“We need to do more with less. We need to make sure that every second-growth tree cut down in BC is processed in BC to create more jobs here, while the province protects our endangered old-growth forests. That way, we can save old-growth forests while employing more British Columbians in the second-growth wood processing sector. Increasing raw log exports of both old-growth and second-growth logs is taking us in the opposite direction – it’s doing less with more. We are losing both our forests and our jobs.” stated Ken Wu, Executive Director of the Ancient Forest Alliance. “That is, in order to protect our endangered old-growth forests while sustaining forestry employment levels simultaneously, the province must ensure that instead of raw log exports to foreign mills, that those logs are processed in BC mills – and that concrete regulations and incentives are put in place to ensure that this happens,”
In its campaign platform, the BC NDP promised to “work with industry, local governments and First Nations to expand wood manufacturing capacity and create new jobs” and to “find fair and lasting solutions that keep more logs in BC for processing.”
The PPWC and AFA wants to see these commitments fulfilled soon.
Since 2013, nearly 26 million cubic metres of raw logs valued at more than $3 billion were shipped from B.C to foreign mills in China, the USA, Japan, Korea, and other nations. According to the Canadian Centre for Policy Alternatives, the nearly 6.3 million cubic metres exported from B.C. in 2016 is enough wood to build 134,000 houses - roughly half of Vancouver’s single-family housing stock. Using a conservative estimate, more than 3,600 B.C. workers could have been employed processing that wood.
Over the past couple decades, more than 100 B.C. mills have closed and 40,000 forestry jobs lost. As old-growth stands are depleted and harvesting shifts to the second-growth, B.C.’s forestry jobs are being exported as raw logs to foreign mills due to a failure to retool old-growth mills to handle the smaller second-growth logs and invest in related manufacturing facilities.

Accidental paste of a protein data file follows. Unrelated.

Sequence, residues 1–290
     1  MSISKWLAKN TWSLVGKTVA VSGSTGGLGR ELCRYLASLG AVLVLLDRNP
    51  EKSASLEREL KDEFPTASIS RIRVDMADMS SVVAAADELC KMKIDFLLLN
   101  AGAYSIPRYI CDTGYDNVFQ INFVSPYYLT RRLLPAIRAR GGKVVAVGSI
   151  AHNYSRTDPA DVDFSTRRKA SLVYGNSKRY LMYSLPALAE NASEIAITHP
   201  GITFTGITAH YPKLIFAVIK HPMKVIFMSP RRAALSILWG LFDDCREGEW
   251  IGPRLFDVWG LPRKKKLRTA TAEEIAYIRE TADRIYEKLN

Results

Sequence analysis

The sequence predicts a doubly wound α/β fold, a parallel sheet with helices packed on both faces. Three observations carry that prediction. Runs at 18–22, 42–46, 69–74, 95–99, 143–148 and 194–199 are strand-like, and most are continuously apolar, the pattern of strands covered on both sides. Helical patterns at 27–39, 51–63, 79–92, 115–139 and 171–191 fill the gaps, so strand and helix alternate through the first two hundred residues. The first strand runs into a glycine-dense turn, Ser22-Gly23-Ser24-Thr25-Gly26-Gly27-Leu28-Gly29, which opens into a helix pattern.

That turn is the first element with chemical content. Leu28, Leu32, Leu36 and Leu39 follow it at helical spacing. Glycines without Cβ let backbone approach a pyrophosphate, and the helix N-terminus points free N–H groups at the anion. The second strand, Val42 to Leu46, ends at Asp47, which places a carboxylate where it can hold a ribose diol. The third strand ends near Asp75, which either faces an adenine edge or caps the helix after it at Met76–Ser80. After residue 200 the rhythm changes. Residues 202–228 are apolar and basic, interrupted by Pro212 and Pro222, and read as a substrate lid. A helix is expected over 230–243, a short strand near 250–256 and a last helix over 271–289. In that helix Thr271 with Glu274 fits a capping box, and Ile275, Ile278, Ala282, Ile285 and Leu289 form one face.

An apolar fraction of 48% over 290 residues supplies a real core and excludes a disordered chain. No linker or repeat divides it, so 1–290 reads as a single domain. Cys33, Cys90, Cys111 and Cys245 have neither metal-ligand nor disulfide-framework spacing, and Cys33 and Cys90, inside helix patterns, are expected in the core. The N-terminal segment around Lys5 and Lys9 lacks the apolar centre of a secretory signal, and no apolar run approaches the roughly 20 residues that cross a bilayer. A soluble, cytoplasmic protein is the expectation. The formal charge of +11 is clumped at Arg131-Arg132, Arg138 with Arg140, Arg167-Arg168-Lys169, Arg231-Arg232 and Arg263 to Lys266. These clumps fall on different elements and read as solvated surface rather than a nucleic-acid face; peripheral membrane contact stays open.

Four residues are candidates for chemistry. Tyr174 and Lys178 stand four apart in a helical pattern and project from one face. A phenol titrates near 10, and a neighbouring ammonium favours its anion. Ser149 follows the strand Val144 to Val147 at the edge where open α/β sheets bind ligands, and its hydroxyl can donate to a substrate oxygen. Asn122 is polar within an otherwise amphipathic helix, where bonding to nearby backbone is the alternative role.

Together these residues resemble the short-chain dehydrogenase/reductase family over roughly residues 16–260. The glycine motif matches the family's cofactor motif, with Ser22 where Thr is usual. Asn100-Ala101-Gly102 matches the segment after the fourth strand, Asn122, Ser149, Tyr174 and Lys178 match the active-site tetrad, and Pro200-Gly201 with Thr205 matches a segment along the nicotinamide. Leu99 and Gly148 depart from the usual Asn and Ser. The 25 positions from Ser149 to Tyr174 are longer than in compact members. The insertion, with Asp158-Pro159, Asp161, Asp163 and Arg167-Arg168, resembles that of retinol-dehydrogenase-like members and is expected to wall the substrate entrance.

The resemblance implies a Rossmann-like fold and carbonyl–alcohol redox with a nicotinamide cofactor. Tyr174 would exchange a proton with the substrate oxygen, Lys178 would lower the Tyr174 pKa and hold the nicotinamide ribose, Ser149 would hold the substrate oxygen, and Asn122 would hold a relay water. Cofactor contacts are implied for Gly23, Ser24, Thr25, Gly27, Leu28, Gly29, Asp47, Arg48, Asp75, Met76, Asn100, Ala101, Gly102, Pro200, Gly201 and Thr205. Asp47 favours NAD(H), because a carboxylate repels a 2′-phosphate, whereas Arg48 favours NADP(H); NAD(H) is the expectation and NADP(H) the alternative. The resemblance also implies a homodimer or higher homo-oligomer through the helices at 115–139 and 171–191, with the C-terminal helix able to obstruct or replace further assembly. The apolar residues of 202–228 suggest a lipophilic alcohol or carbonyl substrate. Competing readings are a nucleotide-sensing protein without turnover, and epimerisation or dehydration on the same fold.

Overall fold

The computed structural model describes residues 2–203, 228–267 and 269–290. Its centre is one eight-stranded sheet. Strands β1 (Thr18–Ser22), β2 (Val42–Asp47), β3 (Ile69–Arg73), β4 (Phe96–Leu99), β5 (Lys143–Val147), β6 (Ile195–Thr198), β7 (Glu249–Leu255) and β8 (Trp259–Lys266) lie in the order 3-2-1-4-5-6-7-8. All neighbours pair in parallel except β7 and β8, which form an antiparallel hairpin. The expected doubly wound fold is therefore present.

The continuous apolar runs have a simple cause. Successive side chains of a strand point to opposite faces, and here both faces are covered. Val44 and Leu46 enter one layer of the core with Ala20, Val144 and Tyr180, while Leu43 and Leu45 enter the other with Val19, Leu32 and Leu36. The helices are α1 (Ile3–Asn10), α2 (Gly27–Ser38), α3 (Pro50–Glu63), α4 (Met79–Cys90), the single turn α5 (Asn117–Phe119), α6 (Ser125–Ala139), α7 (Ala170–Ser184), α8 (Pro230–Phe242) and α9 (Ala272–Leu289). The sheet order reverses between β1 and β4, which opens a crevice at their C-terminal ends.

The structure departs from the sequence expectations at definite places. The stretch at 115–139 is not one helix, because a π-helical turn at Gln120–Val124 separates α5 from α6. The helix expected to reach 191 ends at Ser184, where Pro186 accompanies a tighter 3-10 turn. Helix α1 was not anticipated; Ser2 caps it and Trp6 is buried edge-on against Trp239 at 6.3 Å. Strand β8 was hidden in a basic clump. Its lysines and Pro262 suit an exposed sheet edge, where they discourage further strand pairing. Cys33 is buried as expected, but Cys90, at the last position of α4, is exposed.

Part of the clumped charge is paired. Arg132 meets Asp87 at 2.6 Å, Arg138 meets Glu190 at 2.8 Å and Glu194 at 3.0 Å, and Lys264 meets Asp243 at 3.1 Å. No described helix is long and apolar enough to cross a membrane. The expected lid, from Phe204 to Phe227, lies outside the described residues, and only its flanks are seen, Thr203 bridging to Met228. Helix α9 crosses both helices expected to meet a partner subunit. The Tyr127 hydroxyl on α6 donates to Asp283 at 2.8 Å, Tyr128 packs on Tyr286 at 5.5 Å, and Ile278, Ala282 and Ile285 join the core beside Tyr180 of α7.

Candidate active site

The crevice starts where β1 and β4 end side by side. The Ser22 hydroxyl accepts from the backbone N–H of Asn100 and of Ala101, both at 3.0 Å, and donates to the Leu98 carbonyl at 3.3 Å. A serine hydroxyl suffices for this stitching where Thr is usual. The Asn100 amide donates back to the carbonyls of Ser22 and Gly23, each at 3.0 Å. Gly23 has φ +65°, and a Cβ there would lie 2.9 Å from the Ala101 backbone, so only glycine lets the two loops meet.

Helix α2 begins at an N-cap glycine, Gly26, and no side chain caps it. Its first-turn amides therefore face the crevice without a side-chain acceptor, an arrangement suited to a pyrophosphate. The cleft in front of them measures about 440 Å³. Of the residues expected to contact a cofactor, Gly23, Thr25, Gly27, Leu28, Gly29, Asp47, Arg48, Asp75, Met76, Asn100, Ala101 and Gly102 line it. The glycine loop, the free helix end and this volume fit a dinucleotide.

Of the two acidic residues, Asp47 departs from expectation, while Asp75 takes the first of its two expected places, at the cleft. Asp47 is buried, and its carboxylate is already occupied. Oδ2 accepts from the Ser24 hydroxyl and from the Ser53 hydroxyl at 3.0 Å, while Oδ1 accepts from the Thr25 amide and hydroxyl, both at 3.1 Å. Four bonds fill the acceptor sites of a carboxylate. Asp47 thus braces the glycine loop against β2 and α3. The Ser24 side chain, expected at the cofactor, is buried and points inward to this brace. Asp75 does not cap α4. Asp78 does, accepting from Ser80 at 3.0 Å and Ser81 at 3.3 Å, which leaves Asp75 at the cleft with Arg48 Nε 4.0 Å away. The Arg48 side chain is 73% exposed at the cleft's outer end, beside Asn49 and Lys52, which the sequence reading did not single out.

At its core, the massive export of raw logs has been driven by a combination of the BC Liberal government’s deregulation of the forest industry and by the industry’s unsustainable depletion of the biggest best old-growth trees at the lower elevations.
The overcutting of the prime stands of old-growth redcedars, Douglas-firs and Sitka spruce in the lowlands that historically built the wealth of the forest industry – and for which coastal sawmills were originally built to process - has resulted in diminishing returns as the trees get smaller, lower in value, different in species, and harder to reach high up the mountainsides and in the valley headwaters. Today, more than 90 per cent of the most productive old-growth forests in the valley bottoms on B.C.’s southern coast are gone.
Coastal mills generally haven’t been retooled to handle the changing profile of the forest with smaller trees as the lowland ancient forests have been depleted. At a critical juncture in 2003, the BC Liberal government removed the local milling requirements (through the Forestry Revitalization Act), allowing tenured logging companies to shut down their mills instead of being forced to retool them to handle the changing forest profile. This allowed the companies to then export the unprocessed logs to foreign countries.
The logging industry’s and the previous BC Liberal government's spin that logs must first be offered to BC mills before they can be exported, a policy known as the "surplus test", was considered by many to be a disingenuous PR-line. Ex-premiers Gordon Campbell and Christy Clark had facilitated the closure of most coastal mills in BC during their 16 year reign by removing the local milling requirement of logging companies, while failing to enact any major incentives or regulations in its place to attract new manufacturing investments. Given that they helped to shut down most of the mills, of course most log exports became surplus to the domestic milling capacity. However, many existing BC mills continue to need domestic logs that are intended for export. Unfortunately, many are hesitant to bid on the logs for fear of being cut out of future, long-term direct sales agreements with the same logging companies (ie. most mills require a secure log supply through direct contracts with logging companies. That is, bidding on raw logs is a secondary source of logs to direct sales contracts – and it is potentially risky, as it could jeopardize their relationship with one of the few major companies with logging rights on Crown lands. “There are loopholes in the system big enough to steer a log barge through,” stated Ken Wu, the AFA’s executive director.